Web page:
Interdigital neuralgia is characterized by pain around the metatarsal heads or the toes. Early interdigital neuralgia often causes an occasional mild ache or discomfort in the ball of the foot, usually when wearing a specific shoe, such as those that are too narrow at the front. Neuralgia is usually unilateral. As the condition progresses, the nerve thickens. The pain becomes worse, often with a burning or lancinating quality or paresthesias. In time, patients are unable to wear most shoes. While walking, patients often falsely sense a pebble in their shoes, which they take off for relief. Neuroma most frequently affects the 3rd interspace. Only slightly less common is involvement of the 2nd interspace. Sometimes both interspaces or feet are involved simultaneously.
The symptoms are often specific, and the diagnosis is confirmed by tenderness on plantar palpation of the interdigital space and reproduction of the radiating burning pain by squeezing the space. Although MRI does not usually confirm neuroma, it may be useful to rule out other interspace lesions or arthritis causing similar symptoms.
Neuralgia of recent onset usually resolves quickly with properly fitting shoes and insoles or with local anesthetic injection. In contrast, neuromas may require one or more perineural infiltrations of long-acting corticosteroids with a local anesthetic. Injection is at a 45° angle to the foot, into the interspace at the level of the dorsal aspect of the metatarsophalangeal joints. An appropriate orthotic, rest, cold packs, and properly fitting shoes often relieve symptoms. Nerve ablation techniques, such as injecting 20% alcohol with a local anesthetic directly into the nerve with ultrasonographic guidance, or cryogenic freezing of the nerve may help relieve symptoms. If other treatments are ineffective, excision often brings complete relief. Another neuroma occasionally develops at the site of nerve excision (amputation or stump neuroma) ,which may require additional surgery.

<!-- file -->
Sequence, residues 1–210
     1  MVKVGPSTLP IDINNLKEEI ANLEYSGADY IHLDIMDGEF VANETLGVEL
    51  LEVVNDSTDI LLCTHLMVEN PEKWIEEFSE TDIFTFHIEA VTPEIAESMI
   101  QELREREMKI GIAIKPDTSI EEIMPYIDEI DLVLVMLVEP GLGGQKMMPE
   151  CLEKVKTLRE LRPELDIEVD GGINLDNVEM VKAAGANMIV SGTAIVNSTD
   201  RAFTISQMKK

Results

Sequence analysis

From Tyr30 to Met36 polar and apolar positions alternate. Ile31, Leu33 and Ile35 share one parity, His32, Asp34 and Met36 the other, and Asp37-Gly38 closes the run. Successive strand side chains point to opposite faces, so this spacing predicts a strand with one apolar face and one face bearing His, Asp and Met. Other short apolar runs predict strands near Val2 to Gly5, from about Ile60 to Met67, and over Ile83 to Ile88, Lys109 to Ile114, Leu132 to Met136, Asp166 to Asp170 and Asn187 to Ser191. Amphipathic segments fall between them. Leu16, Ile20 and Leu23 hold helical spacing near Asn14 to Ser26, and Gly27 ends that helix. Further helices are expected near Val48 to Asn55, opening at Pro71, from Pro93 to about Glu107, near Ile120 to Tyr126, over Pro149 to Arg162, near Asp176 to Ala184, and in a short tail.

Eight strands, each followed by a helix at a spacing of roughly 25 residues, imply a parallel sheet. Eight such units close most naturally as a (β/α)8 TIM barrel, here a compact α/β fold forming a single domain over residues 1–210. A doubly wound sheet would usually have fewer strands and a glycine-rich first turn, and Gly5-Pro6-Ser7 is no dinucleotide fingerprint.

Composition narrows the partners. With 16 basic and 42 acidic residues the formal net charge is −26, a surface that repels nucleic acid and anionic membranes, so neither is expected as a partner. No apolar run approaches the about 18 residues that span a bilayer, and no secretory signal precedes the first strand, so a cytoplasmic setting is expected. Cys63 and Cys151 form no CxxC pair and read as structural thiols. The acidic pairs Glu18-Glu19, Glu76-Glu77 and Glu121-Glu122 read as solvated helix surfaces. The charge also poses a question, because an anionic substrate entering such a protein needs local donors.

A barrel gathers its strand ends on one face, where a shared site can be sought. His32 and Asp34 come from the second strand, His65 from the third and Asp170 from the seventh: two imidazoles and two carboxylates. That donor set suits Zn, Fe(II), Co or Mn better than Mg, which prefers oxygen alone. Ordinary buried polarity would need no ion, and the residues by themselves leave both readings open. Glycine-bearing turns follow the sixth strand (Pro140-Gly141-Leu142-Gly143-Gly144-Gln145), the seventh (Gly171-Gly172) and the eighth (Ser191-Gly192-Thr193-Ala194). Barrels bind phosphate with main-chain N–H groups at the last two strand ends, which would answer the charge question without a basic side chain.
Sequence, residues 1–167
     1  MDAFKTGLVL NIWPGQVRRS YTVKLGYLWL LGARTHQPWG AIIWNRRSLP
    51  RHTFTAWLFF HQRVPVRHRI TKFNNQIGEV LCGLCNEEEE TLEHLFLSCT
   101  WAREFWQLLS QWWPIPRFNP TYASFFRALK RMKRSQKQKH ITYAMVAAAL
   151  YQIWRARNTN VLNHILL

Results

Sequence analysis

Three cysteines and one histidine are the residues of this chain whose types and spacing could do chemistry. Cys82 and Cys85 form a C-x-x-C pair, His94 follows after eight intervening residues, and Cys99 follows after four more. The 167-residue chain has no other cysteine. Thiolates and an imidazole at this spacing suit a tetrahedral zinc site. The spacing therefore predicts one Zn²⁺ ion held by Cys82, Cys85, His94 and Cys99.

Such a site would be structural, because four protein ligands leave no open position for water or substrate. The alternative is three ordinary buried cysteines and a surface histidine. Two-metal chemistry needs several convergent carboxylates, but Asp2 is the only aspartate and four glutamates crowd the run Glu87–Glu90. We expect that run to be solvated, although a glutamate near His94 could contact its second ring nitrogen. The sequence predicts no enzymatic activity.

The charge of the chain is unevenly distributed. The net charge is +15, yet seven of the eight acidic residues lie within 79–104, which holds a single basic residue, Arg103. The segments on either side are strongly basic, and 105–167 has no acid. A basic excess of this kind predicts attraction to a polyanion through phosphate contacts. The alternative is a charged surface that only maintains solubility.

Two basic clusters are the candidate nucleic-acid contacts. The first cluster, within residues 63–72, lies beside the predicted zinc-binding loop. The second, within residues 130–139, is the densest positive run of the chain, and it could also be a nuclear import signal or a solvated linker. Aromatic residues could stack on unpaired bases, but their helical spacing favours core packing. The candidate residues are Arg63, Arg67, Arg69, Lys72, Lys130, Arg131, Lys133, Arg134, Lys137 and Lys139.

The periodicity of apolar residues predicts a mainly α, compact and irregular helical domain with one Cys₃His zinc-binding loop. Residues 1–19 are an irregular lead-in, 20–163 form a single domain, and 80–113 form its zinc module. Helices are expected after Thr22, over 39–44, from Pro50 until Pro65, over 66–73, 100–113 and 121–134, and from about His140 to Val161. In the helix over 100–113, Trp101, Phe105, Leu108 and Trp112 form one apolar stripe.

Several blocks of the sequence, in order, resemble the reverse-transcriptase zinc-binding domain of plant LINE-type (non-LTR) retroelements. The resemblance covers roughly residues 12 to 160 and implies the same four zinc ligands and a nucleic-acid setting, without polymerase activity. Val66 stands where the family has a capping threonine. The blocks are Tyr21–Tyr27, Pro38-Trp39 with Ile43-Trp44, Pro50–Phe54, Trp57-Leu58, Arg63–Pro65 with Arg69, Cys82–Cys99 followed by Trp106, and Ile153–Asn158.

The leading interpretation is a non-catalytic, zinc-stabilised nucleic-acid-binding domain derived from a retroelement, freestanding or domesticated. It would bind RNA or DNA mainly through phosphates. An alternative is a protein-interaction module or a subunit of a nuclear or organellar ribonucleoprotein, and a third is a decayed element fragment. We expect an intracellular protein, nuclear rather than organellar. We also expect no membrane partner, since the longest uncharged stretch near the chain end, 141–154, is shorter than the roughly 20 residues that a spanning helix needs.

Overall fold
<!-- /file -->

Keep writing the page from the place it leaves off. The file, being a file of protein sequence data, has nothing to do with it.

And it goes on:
Metatarsophalangeal Joint Pain
Metatarsophalangeal joint pain usually results from tissue changes due to aberrant foot biomechanics. Symptoms and signs include pain with walking and tenderness. Diagnosis is clinical; however, infection or systemic rheumatic diseases (eg, RA) may need to be excluded by testing. Treatment includes orthotics, sometimes local injection, and occasionally surgery.
Metatarsophalangeal joint pain most commonly results from misalignment of the joint surfaces with altered foot biomechanics, causing joint subluxations, flexor plate tears, capsular impingement, and joint cartilage destruction (osteoarthrosis). Misaligned joints may cause synovial impingement, with minimal if any heat and swelling (osteoarthritic synovitis).
The 2nd metatarsophalangeal joint is most commonly affected. Usually, inadequate 1st ray (1st cuneiform and 1st metatarsal) function results from excessive pronation (the foot rolling inward and the hindfoot turning outward or everted), often leading to capsulitis and hammer toe deformities. Overactivity of the anterior shin muscles in patients with pes cavus (high arch) and ankle equinus (shortened Achilles tendon that restricts ankle dorsiflexion) deformities tends to cause dorsal joint subluxations with retracted (clawed) digits.